Zimbabwe parliament to dump British traditions – Speaker

Zimbabwe Speaker of Parliament Jacob Mudenda presides over a parliament session where a motion is moved to impeach President Robert Mugabe on November 21, 2017 at the Zimbabwean Parliament in Harare, Zimbabwe. Zimbabwe's parliament prepared to start impeachment proceedings against President Robert Mugabe Tuesday, as ousted vice president Emmerson Mnangagwa, who could be the country's next leader, told him to step down. Further street protests have been called in Harare, raising fears that the political turmoil could spill into violence. / AFP PHOTO / Jekesai NJIKIZANA (Photo credit should read JEKESAI NJIKIZANA/AFP/Getty Images)

AS Zimbabwe builds a new parliament set for opening next March, Speaker Jacob Mudenda says the national assembly will finally break from British parliamentary traditions for homegrown cultural norms and values.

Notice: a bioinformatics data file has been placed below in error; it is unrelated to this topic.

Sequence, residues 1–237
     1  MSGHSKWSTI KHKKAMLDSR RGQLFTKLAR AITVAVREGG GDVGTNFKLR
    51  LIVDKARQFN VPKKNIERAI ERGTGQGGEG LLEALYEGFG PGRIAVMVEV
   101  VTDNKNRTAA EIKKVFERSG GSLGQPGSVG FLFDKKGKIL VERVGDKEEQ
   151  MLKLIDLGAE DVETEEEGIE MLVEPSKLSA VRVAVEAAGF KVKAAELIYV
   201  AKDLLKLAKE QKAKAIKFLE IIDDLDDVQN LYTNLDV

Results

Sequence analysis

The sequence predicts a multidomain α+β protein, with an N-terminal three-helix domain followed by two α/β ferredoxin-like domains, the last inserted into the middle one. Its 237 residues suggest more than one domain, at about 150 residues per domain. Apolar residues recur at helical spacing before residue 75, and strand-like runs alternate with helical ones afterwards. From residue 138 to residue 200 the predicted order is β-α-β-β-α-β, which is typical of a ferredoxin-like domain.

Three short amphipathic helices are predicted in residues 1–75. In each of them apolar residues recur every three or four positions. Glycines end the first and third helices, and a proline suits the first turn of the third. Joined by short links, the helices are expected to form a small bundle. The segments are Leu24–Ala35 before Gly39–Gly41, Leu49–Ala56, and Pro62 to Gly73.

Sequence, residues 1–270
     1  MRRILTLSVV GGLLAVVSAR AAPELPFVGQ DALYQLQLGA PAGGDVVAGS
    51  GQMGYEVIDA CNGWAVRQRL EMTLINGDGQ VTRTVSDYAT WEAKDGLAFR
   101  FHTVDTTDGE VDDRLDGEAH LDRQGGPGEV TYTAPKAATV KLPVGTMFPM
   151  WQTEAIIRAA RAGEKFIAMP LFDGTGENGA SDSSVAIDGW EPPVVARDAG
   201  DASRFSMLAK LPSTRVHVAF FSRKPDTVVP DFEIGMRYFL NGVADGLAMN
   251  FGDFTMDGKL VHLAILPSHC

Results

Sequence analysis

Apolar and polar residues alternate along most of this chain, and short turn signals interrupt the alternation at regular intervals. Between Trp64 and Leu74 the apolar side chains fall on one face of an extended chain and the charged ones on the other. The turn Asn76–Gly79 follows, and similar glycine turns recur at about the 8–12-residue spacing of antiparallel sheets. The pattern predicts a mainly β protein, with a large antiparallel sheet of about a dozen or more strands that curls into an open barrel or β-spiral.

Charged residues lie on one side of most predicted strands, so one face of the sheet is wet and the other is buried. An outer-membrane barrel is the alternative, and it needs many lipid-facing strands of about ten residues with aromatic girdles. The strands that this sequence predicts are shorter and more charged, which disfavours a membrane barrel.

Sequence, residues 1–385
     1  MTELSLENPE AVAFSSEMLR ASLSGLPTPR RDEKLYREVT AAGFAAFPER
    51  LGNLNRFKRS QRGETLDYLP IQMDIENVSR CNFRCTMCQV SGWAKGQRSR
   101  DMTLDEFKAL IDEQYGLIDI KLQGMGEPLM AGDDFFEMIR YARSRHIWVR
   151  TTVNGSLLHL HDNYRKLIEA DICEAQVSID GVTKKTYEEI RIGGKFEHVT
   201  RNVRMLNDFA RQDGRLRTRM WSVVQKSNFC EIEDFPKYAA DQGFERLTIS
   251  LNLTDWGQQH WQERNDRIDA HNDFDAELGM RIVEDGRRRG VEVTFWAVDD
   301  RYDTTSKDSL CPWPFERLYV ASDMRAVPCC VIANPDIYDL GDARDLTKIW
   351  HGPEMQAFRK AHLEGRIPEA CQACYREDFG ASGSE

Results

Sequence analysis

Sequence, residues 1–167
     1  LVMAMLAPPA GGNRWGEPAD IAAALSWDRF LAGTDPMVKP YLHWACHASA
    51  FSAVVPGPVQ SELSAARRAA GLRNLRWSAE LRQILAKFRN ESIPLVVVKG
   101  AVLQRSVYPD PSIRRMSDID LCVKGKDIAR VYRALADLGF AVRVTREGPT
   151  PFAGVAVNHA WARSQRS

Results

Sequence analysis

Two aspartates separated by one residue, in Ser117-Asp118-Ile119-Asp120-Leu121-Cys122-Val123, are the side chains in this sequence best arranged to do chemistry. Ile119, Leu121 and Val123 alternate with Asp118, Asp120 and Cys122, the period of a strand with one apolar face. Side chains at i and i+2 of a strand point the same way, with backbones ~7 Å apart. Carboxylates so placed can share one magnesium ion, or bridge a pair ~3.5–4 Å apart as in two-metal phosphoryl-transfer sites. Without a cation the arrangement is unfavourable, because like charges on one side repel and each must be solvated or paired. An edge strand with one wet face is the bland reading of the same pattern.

Mudenda said this after Zanu PF Musikavanhu MP, Joshua Murire queried why the country had continued to follow British traditions (Mercers) in the house, 40 years after independence.

Mureri urged Mudenda under the Standing Rules and Orders regulations to reconsider removing the Mercers in the Chamber which according to the legislator “still resembled the colonial period”.

The Speaker welcomed the “good observation” by the MP saying this was work in progress.

“The observation by the member is pertinent,” Mudenda said.

“The Committee on Standing Rules and Orders has assigned Committee on Cultural Affairs chaired by Zanu PF chief whip Pupurai Togarepi.

“The team is working on the new design and other actors that need to decorate our parliament and therefore cut the umbilical code with the colonial era.”

He revealed the committee has gone further to design a new dress code of the presiding parliamentary officers and their assistants “in order to reflect our national identity”.

“Work is in progress and should be attained before year end and before we move to the new parliament in March next year,” said the Speaker.

Zimbabwe attained independence from Britain in April 1980, following nearly a century of white rule.

However, the British systems still remain firmly entrenched in its traditions with the country still reluctant to abandon them.